“In the communications industries, unlike many other businesses, a student’s online portfolio really is his or her resume. It is a place where they can show employers exactly what they are capable of doing after they come through all of our classes in the Communications Department at Missouri Baptist University, with their capstones as well as all the other work they’ve done while they’ve been here,” Means said. “It is a live website that employers can browse and see students’ work and learn how their skills might fit into what the hiring companies are looking for.”

Noting that even within a few days of Commencement employers in the area were reaching out to the MBU Communications Department looking for potential employees, Means reiterated that one key component is the portfolio which students had presented just a few weeks prior.

“This is real stuff. Employers really need to see these portfolios. It’s one thing to tell someone what you can do on a resume — and those are put in a pile with all the other resumes — but it is something entirely different when you can show them your work on your own portfolio website, one that you have built and populated yourself. It is a lot more powerful, a lot more effective,” Means said. “And it is one reason our graduates have no trouble getting great jobs. They can show what they are capable of doing, they can show their work to the world, any time, 24/7. That is leverage in the marketplace.”

One key aspect of having a well-composed portfolio is making sure it is organized, error free and holds a balanced amount of content. During the classes Means worked with the seniors to ensure this would be accomplished before they graduated.

“You know, something I tell my students on Day 1 in Senior Communications Seminar is that these portfolios, and the presentations of these portfolios at the end of the semester, are not only what get them jobs — and we have the placement record to support that — but these are celebrations of the hard work they have done while in our comm classes at MBU,” Means said.The students of the Senior Comm Seminar class have much to be proud of as they complete their MBU journey.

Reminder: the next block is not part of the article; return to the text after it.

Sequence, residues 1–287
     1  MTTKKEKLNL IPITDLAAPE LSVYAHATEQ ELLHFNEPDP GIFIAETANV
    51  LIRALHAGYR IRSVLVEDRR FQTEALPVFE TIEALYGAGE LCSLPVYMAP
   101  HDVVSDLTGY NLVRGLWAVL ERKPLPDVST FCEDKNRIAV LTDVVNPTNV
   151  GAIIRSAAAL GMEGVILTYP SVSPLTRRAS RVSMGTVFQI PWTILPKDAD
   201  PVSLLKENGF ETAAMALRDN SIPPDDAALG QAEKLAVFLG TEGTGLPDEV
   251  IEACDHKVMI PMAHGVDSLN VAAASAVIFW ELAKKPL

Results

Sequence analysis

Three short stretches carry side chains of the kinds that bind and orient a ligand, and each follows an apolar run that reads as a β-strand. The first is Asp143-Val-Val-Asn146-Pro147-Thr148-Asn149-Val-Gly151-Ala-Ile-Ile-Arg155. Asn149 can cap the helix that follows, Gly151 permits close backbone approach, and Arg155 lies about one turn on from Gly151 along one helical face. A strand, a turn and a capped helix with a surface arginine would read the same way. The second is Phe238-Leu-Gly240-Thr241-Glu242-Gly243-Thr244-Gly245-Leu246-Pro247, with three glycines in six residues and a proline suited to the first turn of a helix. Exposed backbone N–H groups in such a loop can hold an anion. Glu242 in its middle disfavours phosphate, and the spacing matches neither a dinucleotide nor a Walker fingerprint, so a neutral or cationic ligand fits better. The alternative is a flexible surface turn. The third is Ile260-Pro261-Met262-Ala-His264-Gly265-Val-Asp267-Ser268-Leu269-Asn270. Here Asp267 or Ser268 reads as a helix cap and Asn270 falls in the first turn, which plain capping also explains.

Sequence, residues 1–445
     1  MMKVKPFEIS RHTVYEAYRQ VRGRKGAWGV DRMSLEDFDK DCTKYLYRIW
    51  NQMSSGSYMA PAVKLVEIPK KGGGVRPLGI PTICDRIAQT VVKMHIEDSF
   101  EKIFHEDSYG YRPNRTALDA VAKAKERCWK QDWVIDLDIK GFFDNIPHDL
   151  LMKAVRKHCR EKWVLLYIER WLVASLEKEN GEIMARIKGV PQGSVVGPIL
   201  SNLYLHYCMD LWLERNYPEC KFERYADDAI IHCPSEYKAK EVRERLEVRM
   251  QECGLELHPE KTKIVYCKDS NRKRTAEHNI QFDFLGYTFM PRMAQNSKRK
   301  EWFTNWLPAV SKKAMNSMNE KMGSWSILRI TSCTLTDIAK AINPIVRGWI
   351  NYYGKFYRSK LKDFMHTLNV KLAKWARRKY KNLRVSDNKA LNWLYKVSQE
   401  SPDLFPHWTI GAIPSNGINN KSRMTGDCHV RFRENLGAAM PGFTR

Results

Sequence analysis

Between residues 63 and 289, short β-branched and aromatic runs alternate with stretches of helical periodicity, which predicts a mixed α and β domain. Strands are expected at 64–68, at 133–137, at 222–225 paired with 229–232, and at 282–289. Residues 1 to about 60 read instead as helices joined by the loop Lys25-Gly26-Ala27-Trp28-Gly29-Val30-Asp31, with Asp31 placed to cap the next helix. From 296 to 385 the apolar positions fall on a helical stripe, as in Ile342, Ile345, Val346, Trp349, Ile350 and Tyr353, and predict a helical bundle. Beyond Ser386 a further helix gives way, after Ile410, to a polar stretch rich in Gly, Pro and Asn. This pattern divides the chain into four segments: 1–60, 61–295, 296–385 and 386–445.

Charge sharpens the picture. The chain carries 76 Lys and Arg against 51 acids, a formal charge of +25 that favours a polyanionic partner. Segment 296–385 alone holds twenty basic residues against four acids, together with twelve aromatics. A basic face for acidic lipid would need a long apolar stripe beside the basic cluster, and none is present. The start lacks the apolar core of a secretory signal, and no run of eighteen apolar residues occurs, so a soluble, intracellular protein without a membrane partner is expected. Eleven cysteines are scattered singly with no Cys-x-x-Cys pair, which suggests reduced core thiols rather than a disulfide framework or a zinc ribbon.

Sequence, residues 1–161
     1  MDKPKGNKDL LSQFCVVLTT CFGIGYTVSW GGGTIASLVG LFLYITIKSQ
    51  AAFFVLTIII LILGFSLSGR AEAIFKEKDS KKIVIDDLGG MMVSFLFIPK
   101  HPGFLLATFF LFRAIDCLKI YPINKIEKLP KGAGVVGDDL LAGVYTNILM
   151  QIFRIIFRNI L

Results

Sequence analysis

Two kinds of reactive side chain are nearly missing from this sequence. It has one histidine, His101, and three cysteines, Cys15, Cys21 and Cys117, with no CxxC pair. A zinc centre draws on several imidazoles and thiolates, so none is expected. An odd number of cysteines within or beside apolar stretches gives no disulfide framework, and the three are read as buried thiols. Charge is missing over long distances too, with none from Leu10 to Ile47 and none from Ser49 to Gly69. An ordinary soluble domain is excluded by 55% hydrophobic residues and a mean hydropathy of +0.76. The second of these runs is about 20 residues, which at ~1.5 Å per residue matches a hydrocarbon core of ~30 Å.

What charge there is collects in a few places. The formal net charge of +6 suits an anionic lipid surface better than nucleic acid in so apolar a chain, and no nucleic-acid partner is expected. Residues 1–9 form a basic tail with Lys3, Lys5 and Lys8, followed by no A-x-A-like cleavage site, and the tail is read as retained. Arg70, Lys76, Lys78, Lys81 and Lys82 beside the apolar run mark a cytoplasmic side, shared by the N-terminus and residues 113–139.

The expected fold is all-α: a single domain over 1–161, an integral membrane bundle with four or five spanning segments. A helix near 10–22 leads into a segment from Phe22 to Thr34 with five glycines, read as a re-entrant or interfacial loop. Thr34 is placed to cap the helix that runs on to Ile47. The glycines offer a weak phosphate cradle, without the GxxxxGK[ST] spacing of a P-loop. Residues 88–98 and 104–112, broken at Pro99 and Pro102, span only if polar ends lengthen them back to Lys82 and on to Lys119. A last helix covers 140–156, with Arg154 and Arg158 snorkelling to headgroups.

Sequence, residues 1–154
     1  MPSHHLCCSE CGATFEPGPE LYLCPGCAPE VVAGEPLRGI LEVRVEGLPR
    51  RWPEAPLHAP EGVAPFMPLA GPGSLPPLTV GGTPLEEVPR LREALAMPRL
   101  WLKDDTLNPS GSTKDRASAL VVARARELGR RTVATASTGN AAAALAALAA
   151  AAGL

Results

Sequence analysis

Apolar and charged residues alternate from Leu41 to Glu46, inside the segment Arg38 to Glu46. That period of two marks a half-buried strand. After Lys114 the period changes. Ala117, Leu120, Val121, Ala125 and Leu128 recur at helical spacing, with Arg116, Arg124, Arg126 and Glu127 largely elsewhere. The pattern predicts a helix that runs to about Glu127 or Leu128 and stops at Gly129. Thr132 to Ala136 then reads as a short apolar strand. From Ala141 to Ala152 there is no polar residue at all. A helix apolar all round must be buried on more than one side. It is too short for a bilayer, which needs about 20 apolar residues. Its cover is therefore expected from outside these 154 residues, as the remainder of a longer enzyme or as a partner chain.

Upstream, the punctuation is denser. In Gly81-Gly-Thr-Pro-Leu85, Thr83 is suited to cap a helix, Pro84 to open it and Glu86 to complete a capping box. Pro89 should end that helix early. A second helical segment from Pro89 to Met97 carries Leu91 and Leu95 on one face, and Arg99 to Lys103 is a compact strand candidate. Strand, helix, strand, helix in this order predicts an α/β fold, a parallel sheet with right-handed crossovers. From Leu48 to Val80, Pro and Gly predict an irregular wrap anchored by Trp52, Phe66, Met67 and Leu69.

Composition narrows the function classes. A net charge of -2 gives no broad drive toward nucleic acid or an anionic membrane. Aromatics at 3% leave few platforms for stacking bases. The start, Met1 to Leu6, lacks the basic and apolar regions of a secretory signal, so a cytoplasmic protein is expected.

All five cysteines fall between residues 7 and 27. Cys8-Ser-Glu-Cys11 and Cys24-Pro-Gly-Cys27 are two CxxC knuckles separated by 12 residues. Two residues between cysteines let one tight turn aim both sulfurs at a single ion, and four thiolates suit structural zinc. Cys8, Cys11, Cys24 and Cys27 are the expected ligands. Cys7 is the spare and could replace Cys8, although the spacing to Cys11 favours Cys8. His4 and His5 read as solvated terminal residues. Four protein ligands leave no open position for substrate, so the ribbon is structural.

With all that she learned as a comm student at MBU, Heflin provides words of encouragement to current and future comm students as they continue their degree.

“The nice thing about the communications degree is that you can take comm electives, so you can take the classes that actually sound interesting to you or classes you think would be beneficial for what you want to do after you graduate. But don’t limit yourself,” said Heflin, who is the outgoing managing editor for MBU Timeline. “Take classes that push you outside of your comfort zone. I took a broadcasting class and broadcasting is not my forte. Did I do great? No, but I’m glad I got the experience.”

Ascher, who graduates in fall 2022, also leaves words of wisdom to current and future comm students.

“My biggest advice to someone considering comm or any degree would be to shake off your failures,” said Ascher. “You will fail, but don’t let that cause you to stop trying. Experience has taught me to let my failures make me even more determined to succeed and learn from my mistakes instead of allowing them to paralyze me, because learning from them is the only way I am going to grow and succeed. As Henry Ford once said, ‘Failure is simply the opportunity to begin again, this time more intelligently.’ So, if I can leave you with anything, it would be to try, try, try again.”


Communications studies senior Kenzie Sheehy smiles as she walks with her fellow communications studies’ friends Allison Meyer (left) and Emily Heflin (right) during the Senior Walk on their way to MBU’s 2022 Senior Chapel, which took place on April 22.       Photo courtesy of Missouri Baptist University

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Jessica Kunkel

Jessica Kunkel

Jessica Kunkel is a staff journalist for MBU Timeline. A junior majoring in communications with a double minor in journalism and math, Kunkel is the current president of MBU’s sorority Gamma Delta Sigma. Her hobbies include Disney pin trading, playing tennis and hanging out with her dogs and tortoise.